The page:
I still love the smell of old books and magazines and I've filled my house with my favorite titles. I've noticed that each pulp title has a distinct scent, BLACK MASK smells different from WEIRD TALES, ADVENTURE different from ARGOSY. Somehow the e-books just don't compare...

Walker Martin said...

I see Ron mentions the smell of old vintage paperbacks. What a great scent! I have one room which is nothing but paperbacks and several paperback display racks from the 1950's. The smell when you open the door is overpowering and I mean that in a good way. Often when I'm feeling down, I just go into the paperback room and sit for awhile, inhaling the aroma of old paperbacks. It always cheers me up...

RJR said...

James, you know I agree. That "old book" smell is the best in the world. I just bought some John B. West books from ABEbooks and it took me back to the first time I bought them in a used nookstore in Brooklyn. One of my favorite stores which, soon after that, burned down.
I also got that sinking, sick feeling when Kathy Bates burns that manuscript in MISERY.

RJR

Charles Gramlich said...

I felt a little empty spot in my soul when I read "throw out all those old books." Were crueler words ever spoken?

Anonymous said...

Some three decades ago I owned and operated a secondhand bookshop for about eight years and I recall the most surprising, disappointing thing I learned being that nearly one hundred percent of the customers came in looking for half-price copies of the latest trendy books. Got to the place where I held back what collectables were traded in as they never sold and ate up the shelf space of the higher priced titles (and these many years later am still moving those collectables on Amazon; at least I didn't "throw them out"). The store did well but I must admit that it's not a bookshop I would have appreciated much as a collector/customer.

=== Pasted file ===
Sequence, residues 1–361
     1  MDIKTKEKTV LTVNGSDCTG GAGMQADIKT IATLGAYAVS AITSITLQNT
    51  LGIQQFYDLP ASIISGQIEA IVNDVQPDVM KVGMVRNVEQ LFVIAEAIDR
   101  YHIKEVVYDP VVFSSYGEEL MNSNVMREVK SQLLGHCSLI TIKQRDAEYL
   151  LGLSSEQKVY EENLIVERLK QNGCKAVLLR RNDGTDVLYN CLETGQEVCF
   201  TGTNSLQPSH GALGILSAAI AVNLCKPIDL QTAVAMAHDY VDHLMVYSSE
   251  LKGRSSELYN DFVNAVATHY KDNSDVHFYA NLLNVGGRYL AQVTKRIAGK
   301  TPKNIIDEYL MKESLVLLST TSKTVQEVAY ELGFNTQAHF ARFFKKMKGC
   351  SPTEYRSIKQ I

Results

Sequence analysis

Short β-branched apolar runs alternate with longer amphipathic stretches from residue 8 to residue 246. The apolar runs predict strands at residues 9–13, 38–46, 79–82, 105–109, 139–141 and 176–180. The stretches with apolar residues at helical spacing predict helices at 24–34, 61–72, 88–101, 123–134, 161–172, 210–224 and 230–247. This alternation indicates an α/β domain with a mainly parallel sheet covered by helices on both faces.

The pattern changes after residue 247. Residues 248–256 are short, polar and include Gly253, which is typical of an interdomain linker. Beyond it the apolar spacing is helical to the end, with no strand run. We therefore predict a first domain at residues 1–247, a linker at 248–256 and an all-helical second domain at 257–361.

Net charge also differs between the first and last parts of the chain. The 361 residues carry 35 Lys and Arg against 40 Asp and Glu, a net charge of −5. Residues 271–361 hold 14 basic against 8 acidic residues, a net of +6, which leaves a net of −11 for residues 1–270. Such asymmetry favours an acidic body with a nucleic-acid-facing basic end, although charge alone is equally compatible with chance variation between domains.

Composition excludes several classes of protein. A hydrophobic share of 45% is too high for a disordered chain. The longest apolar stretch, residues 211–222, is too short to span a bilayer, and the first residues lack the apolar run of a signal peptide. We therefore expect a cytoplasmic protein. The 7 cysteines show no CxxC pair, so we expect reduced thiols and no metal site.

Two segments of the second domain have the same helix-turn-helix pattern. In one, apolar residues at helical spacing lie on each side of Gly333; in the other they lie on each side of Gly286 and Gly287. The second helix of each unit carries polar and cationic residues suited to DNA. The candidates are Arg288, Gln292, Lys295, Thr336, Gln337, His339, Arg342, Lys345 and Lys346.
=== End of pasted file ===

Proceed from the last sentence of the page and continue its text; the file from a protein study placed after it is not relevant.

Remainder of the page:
--Stephen Mertz

James Reasoner said...

Steve, that agrees with the experience Livia and I had when we owned a couple of used bookstores back in the Eighties. I had a few customers who liked the older books (mostly Westerns) but near-current romances and bestsellers were the only things that moved consistently.

Cap'n Bob said...

I worked for a number of years for printing companies and the smell of fresh ink and paper was always intoxicating to me. Old books have a different, earthier scent that's also enjoyable, but you have to remember it's mostly the smell of decay.

Tom Roberts said...

Nearly thirty years ago when I was working in new chain bookstores one of the tasks was of course unpacking and shelving the arrivals, particularly at holiday time when the cases seemed endless. There was an aroma when opening cases of books from the distributors.

Being an hourly employe (for something like $4.00 and hour at the time) I thought they smelled like .... ink and MONEY ... money for the store owner, and money for the distributors. But little for me.

The smell was nothing akin to the enticing aroma of a Gold Medal or Lancer or Bantam or Ace paperback.

Tom Roberts
Black Dog Books

Carl V. said...

Oh how I wish I would have been standing near that trash can when she did it. The idea of books being thrown away horrifies me!